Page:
In 1129, Champa king Harivarman V (楊卜麻疊) sent an ambassador to Song.


In December 1116, Angkor king Suryavaruman II, sent tribute mission to the Song Court after 300 years' absence.


In 1119, Angkor sent mission (14 officials) to Song, and the next year they were awarded Chinese officials costume and the King was assigned to king of Champa (nominal).


In 1132, Champa king sent an envoy with present of rhinoceroses, elephants, turtle-shells and incense.


Since 1139 Jaya Indravarman III, retained the throne of Champa (1139-1145).


In October 1155, Jaya Harivarman I (鄒時闌巴) sent mission with tribute rhino-horn 20, ivory 168, turtle-shell 60 Jin and various incenses.


In November 1155, Angkor and Lopburi sent a joint mission to the Song Court. (The Song Shi)


 1166 or 1167 Jaya Indravarman IV(鄒亜娜) killed Jaya Harivarman II and took the throne.


In 1167 Jaya Indravarman IV(鄒亜娜) robbed the cargo of Da-Shi and sent an envoy with huge present to the Song Court. But the Song Court rejected to accept it and no reward was given. But finally, the Song Court bought up all of the ’Frankincense’.


Jaya Indravarman IV was not authorized by Song as the king of Champa, but treated as the heir-apparent of the king.


He is Jaya Indravarman on Vatun,came from Gramapuravijaya and usurper, who sent tribute to Annam too. And he fought against Angkor.


 China recorded in 1170, Jaya Indravarman IV attacked Angkor but unsuccessful


 In 1174 Jaya Indravarman IV again sent tribute to Song. In 1176, he sent the last official mission to Song and rewarded silk and silver. But his title was still ‘heir-apparent of King. He was not authorized as king of Champa. (文忠集、巻111)


 In 1177, here is a story that Jaya Indravarman IV attacked Angkor and killed king Tribhuvanadityavarman and returned with enormous booty. But M. Vickery denies this story, because no inscription about this war recorded In Champa. However, king Tribhuvanadityavarman was certainly killed by someone. Jayavarman VII took the Angkor throne 4 years later in 1811. This attack in 1177, is recorded in the Chinese text, but probably the Chinese official was told this dubious story by the ambassador of Jayavarman VII in 1200. The incident in 1177, was basically 'coup d’etat' by Jayavarman VII, by using the military assistance of Champa, led by Indravarman IV, so the inscription of Champa might have keep quiet about this incident.


 In 1182, champa prince Vidyananda of Tumpraukvijaya (later Cham king Suryavarmadeva) went to Angkor and was taken into the service of Jayavarman VII. In that capacity, he led troops to put down a rebellion in Malyang, near Battambang and defeated the enemy. He was then assigned Yuvaraja by Jayavarman VII.


He entrusted this campaign to a young Cham refugee prince named Sri Vidyanandana, native of Tumprank-Vijaya. The king of Champa was at that time was Jaya Indravarman IV. The story of this prince is told in a My Son pillar inscription:


In 1190, king Sri Jaya Indravarman IV made war against the king of Kambujadedsa (Jayavarman VII). Prince Vidyanandana as the head of the Angkor troops to take Vijaya and defeat the king. He captured the Indravarnan IV and had brougt him to Kambujadesa (Angkor). He proclaimed Suryajayavarmadeva Prince In, brother-in-law of the king of Kambujadesa (Jayavarman VII), as king of Vijaya.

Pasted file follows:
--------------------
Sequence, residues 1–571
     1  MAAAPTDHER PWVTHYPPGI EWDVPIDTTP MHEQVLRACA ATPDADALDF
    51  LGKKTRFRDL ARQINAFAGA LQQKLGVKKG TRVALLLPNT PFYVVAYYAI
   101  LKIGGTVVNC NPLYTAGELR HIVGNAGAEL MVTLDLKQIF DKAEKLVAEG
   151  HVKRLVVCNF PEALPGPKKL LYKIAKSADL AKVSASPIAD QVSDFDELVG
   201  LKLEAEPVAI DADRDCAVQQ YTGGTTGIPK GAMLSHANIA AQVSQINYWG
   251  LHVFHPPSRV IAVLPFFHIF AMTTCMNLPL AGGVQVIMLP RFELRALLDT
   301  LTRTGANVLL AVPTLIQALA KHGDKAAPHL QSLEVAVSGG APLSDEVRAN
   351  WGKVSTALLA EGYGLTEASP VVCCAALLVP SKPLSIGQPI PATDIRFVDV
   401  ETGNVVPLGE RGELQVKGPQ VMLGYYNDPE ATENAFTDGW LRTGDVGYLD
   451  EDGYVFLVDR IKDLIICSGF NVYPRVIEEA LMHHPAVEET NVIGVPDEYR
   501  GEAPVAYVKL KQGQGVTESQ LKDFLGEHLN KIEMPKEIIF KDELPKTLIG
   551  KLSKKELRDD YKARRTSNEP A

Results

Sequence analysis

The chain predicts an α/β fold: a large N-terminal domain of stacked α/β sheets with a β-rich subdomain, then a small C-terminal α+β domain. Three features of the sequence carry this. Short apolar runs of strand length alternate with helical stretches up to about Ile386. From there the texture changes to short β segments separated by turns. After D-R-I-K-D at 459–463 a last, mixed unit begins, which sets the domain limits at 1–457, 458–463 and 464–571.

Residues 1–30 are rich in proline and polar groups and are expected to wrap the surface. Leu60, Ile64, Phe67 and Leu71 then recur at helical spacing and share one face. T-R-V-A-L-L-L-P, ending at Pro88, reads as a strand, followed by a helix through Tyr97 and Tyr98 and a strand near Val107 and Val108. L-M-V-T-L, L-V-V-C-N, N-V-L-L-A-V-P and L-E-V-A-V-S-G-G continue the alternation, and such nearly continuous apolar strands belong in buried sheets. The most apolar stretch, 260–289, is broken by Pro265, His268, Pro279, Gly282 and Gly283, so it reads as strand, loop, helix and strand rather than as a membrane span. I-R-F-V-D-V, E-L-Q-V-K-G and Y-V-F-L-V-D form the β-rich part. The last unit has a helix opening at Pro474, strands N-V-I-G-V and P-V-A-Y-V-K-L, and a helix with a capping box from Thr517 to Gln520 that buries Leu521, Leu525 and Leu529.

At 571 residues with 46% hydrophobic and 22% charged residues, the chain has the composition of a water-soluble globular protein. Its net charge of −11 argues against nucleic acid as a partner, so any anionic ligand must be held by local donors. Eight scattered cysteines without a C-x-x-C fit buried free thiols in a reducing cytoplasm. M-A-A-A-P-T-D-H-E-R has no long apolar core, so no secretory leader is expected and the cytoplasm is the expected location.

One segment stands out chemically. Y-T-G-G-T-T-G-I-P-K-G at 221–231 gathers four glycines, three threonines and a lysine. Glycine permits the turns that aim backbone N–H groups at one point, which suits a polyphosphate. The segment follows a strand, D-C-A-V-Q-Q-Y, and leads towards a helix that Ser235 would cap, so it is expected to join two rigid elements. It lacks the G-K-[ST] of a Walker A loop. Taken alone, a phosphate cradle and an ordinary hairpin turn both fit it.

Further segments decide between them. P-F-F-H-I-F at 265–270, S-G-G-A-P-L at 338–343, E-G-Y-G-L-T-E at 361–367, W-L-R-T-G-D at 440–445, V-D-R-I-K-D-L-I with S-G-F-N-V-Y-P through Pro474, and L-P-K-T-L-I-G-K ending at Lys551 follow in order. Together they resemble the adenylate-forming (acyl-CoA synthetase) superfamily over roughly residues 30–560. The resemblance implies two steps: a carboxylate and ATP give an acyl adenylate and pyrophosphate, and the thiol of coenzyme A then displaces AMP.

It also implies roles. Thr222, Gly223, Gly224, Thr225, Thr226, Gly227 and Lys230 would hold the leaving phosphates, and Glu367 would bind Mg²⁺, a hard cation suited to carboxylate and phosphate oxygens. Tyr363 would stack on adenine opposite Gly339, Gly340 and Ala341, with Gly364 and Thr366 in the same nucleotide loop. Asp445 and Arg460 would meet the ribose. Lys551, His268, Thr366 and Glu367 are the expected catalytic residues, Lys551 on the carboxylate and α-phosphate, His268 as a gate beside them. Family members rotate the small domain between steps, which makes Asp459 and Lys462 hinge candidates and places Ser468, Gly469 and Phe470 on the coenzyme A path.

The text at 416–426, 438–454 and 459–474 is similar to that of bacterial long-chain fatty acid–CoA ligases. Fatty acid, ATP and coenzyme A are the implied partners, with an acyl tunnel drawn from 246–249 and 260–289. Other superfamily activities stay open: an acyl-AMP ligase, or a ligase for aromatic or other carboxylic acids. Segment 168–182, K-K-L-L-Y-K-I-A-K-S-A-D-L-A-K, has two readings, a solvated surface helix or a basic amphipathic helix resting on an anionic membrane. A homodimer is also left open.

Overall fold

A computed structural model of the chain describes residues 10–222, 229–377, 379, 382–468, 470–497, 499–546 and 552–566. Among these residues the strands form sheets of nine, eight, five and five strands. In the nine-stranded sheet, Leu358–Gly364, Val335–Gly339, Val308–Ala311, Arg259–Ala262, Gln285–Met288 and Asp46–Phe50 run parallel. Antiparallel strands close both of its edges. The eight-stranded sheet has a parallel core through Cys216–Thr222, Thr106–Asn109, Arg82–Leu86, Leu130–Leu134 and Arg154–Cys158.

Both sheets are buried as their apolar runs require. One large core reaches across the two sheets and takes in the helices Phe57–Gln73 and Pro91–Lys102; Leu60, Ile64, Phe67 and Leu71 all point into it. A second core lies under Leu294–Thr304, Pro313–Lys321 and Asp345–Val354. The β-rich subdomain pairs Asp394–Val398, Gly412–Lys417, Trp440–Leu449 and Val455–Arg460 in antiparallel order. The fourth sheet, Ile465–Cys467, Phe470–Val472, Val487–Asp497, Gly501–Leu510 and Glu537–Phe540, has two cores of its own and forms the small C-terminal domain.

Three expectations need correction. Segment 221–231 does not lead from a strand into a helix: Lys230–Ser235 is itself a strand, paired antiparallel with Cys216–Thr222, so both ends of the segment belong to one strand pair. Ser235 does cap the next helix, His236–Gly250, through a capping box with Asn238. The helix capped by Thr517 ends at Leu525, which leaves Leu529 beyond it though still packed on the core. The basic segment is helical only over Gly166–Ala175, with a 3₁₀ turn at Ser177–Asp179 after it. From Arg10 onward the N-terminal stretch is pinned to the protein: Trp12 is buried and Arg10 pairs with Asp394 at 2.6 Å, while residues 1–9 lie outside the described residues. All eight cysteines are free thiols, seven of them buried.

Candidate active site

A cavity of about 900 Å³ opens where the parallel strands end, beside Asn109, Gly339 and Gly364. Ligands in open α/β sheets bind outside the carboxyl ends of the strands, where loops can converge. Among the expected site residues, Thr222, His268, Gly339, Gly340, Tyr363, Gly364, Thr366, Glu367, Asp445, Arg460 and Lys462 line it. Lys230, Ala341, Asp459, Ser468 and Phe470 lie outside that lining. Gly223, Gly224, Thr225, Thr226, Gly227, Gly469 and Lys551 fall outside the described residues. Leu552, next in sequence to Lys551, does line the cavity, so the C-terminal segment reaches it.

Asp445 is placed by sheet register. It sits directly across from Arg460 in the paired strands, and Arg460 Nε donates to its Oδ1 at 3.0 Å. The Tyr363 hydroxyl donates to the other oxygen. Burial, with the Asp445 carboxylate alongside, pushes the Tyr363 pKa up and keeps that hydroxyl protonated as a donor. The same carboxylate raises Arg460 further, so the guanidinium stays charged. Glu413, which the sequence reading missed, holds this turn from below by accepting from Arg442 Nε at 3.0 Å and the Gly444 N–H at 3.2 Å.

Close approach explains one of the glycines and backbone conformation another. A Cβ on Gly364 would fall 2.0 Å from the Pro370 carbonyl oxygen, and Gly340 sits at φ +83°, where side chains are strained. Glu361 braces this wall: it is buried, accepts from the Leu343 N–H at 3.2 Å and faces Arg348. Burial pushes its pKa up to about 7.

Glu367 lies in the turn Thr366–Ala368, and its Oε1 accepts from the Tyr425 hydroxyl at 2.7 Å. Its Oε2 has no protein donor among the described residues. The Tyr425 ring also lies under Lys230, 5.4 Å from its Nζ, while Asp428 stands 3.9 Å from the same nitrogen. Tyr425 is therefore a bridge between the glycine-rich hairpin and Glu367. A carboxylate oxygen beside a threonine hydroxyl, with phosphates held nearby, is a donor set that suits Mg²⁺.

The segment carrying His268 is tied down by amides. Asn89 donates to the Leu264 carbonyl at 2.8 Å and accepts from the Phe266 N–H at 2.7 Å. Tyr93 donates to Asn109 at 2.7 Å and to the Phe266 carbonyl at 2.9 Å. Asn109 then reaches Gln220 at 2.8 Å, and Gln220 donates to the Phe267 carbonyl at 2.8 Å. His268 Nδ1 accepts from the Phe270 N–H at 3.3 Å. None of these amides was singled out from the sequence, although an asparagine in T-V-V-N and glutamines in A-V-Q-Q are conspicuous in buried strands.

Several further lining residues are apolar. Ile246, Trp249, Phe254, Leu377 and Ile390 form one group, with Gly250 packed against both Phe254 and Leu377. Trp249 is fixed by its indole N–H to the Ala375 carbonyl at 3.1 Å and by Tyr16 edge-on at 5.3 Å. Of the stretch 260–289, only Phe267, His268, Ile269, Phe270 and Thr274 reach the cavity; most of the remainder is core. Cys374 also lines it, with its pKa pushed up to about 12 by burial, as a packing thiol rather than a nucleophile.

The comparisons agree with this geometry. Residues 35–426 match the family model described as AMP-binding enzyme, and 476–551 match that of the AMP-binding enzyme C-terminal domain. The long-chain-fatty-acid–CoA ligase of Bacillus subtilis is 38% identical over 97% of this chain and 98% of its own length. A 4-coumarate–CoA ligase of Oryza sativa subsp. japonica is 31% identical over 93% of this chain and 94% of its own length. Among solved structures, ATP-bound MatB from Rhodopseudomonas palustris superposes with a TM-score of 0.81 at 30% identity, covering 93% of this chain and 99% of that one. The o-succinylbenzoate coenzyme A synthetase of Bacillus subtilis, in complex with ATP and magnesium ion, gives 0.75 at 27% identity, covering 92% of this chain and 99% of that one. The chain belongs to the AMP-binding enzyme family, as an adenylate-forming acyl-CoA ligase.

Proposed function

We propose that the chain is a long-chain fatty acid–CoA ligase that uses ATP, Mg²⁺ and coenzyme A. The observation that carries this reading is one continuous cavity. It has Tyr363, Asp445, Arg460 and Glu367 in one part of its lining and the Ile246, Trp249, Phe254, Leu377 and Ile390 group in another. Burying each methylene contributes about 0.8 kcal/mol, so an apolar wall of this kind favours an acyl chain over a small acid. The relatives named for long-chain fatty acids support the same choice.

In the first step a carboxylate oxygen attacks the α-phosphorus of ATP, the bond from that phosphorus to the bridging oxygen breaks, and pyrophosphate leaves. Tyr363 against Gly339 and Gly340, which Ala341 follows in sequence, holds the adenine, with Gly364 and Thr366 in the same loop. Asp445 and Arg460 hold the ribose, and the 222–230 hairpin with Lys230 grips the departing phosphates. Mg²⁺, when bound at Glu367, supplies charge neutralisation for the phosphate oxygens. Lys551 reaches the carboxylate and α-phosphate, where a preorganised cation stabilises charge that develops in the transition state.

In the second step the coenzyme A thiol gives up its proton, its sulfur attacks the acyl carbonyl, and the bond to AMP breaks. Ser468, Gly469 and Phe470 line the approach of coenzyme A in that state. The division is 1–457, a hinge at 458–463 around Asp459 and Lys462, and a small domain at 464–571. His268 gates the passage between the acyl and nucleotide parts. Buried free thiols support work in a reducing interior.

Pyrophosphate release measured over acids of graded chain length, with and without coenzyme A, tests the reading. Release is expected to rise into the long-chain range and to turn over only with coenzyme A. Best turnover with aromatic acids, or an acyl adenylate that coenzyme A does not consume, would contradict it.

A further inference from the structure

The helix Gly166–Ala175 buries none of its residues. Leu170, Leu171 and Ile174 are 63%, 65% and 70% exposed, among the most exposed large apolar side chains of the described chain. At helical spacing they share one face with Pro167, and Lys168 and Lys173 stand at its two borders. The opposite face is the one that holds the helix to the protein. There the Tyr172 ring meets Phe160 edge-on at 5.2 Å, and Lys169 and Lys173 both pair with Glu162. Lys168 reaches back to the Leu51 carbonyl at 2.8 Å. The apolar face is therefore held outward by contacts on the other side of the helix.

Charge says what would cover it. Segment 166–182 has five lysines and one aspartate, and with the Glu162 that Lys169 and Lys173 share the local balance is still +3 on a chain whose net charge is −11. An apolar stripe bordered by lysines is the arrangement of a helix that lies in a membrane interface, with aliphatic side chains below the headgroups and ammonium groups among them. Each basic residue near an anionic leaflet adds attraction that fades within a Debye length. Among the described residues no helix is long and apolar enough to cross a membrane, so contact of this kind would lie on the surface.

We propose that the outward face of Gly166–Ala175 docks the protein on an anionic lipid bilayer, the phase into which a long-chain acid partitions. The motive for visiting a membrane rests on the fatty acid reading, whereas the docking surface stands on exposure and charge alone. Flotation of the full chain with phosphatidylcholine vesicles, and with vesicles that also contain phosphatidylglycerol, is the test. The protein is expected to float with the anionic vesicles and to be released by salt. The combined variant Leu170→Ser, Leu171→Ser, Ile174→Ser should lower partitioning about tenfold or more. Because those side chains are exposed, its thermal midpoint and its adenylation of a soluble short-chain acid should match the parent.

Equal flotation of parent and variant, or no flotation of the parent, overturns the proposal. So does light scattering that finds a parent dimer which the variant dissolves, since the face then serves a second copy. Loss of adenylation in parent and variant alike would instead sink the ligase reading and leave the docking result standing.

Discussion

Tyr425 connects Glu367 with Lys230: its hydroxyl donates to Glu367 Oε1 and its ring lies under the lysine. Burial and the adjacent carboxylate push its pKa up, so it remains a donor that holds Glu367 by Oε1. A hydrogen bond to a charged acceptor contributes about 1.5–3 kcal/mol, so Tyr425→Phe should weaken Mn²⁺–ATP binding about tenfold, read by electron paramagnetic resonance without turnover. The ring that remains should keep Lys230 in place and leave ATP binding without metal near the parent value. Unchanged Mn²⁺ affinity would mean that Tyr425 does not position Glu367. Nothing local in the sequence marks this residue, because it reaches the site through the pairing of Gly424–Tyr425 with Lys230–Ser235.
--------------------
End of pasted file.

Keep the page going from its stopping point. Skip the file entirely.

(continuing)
In 1190, Sri Jaya Inxdravarman IV was captured by Jayavarman VII and in 1911 he was released, but killed by his subordinate (Dohi, p460)


A Cham inscription, Po Nagar says that Jayavarman VII took the capital and carried off all the lingas, because he is Buddhist.


However in 1191, a revolt drove Prince In Vidyanandana out of Champa and seated in his place a Cham prince Rashupati, who ruled under the name of Jaya Indravarmadeva Jaya Indravarman V. In 1192, Jayavarman VII sent Jaya Indravarman IV (ong Vatuv) to help prince Vidyanandana reconquer Champa. They met at Rajapura, took Vijaya and killed Jaya Indravarman V, and ruled over Vijaya.

 Then Jaya Indravarman IV fled from Cambodia and went to Amaravati where he raised a revolt and invaded Vijaya; but the prince Vidyanandana defeated and killed him. Henceforth the prince ruled without opposition (Briggs, p216).


Champa was united again under a Cham king Suryavarmadeva (prince Vidyanandana). However, he rebelled against Jayavarman VII later. In 1193, Jyavarman VII sent an army to Champa, but defeated. The next year Angkor sent a larger army, but defeated again. In 1194 Suryavarmadeva sent tribute to Dai Vet. In 1198, he was formally consecrated and sent an embassy to the Song Court asking for investiture, which he received in 1199.


However, Jayavarman VII, finally attacked Champa, Suryavarmadeva fled to Dai Viet. But he was involved in trouble at the Co-la port with the local governor of Dai-Viet and heard nothing from the incident.


 慶元(1195~)以來,眞臘大舉伐占城以復讎,殺戮殆盡,俘其主以歸,國遂亡,其地悉歸眞臘。(The Song Shi)


The Song Shi says that after 1195, Angkor invaded with big army to revenge, and killed many people and captured the king. Champa was destroyed and occupied completely by Angkor.


Jayavarman VII died in 1218, post-humous name of Mahaparamasaugata, (reigned 1181–1218).  Angkor pulled out from Champa in 1220. Angkor realized they had no power to put Champa under control. After 1222, Champa regained independence by Jaya Parameshvaravarman II.

Jayavarman VII had employed Champa princes, but they betrayed him finally. As the result, Jayavarman VII controlled Champa by himself. However, Angkor had lost military power and gave up Champa after his death. Angkor could not have gathered enough soldiers from Cambodia, so he used Thai and the Mons as mercenary. However, they were getting stronger and establishing their own countries, so he could not amass them as mercenary.  As the result, he had to employ Cham princes as his generals and used Cham soldiers. But they finally betrayed Jayavarman VII.